Causes of Male Infertility

Sperm Factor

The presence of normal sperm is essential in achieving fertilization and subsequent pregnancy. Male patients can have low counts of sperm, a low percentage of sperm swimming, and/or a low percentage of normally shaped sperm. The causes of male infertility can be divided into four main categories. The first is disorders affecting parts of the brain called the hypothalamus and pituitary. In these men, certain hormones are not released normally in order to produce the normal amount of sperm. The second cause of male infertility is related to disease in the testicle. If there is any abnormality in the testes, this can lead to an abnormality with the sperm. The third cause is related to an obstruction in the transport of the sperm and the last is deemed unexplained.

We test the integrity of the male’s sperm by performing a semen analysis. This evaluates the volume of the sample produced, the number of sperm, the percent that are motile, and the percent that are normally shaped.

Illustration of sperm and egg

As mentioned, the male is responsible in up to 50% of cases of infertility. Ideally therefore, the initial screening evaluation of the male should be performed early in the infertility workup.

Careful medical histories sometimes will point for a possible explanation of the abnormal semen analysis. The following list of questions are commonly asked to the male partner in trying to elucidate a cause for the abnormality:

  • Timing of puberty: Important because delayed puberty could be associated with certain diseases such as Klinefelter’s syndrome.
  • Childhood illnesses: Such as undescended testicles or mumps.
  • History of trauma: Testicular trauma can lead to vascular injuries that will permanently damage the testicles.
  • History of torsion: Testicular torsion occurs when the testicle twists on its pedicle causing a hindrance to blood flow.
  • Previous surgical procedures: Such as bladder operations or surgery for testicular cancer.
  • History of heat exposure: A generalized febrile illness can interfere with sperm production because of the elevated temperature. One episode of such high fevers can affect the sperm for 3 months until a new batch is formed. Certain activities that are associated with increased testicular heat can affect sperm count and function, such as frequent use of jaccuzzis, saunas, or even hot tub usage. The elevated temperature from these activities might impair sperm production.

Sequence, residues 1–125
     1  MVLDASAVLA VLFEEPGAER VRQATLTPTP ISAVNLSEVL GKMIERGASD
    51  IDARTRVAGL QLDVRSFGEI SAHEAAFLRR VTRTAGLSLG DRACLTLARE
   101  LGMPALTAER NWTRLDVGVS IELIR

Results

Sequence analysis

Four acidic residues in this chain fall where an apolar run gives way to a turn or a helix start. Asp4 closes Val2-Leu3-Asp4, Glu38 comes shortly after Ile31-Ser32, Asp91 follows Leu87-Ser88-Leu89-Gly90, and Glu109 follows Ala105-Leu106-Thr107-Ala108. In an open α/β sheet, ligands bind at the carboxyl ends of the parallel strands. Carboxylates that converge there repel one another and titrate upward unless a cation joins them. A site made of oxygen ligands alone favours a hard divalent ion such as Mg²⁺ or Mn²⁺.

• History of exposure to toxins: These toxins, whether occupational, environmental can affect fertility. Radiation, agricultural chemicals, lead, cancer chemotherapy medications are but some of these detrimental agents.
  • History of smoking: Both cigarette smoking and marijuana have been associated with infertility.
  • History of venereal diseases, such as Gonorrhea or Chlamydia.
  • History of alcohol use.
  • Sexual habits including use of lubricants: Many such lubricants (K-Y Jelly, Keri lotion) and even saliva have been shown to affect sperm motility.
  • Timing of intercourse.
  • History of medication intake: A variety of medications can affect reproductive function. Some of these medications include Sulfasalazine (used for colitis treatment), spironolactone (diuretic), Cimetidine (for ulcers), erythromycin, Gentamycin (antibiotics).

More often than not however, it is very difficult to explain the cause of low sperm count or motility.

The male is responsible in up to 50% of cases of infertility. Ideally therefore, the initial screening evaluation of the male should be performed early in the infertility workup.

The diagnosis of male infertility might fall in the following categories:

  • Unexplained: One of the most common diagnoses, usually due to a genetic factor.
  • Varicocele: Swelling of the veins present around the testicular ducts (epididymis) can cause a slowing of the blood flow with resultant increase in temperature and therefore interference with sperm count and function. This is one of the most common diagnoses made in the infertile man.
  • Obstructive: Could be due to an inborn genetic abnormality such as the absence of the vas deferens or it could be acquired from surgery or infection.
  • Immunologic: Such as the presence of sperm antibodies that can attach to the sperm head and interfere with fertilization.
  • Environmental: These include medications, radiation or chemical exposure.
  • Hormonal: Abnormalities in the secretion of certain hormones by the pituitary gland or the testicles can lead to abnormal sperm production.
  • Sexual dysfunction: Problems with erection and ejaculation can certainly play a role in male factor infertility.

Click To View “About Male Fertility” with Dr. Sahakian

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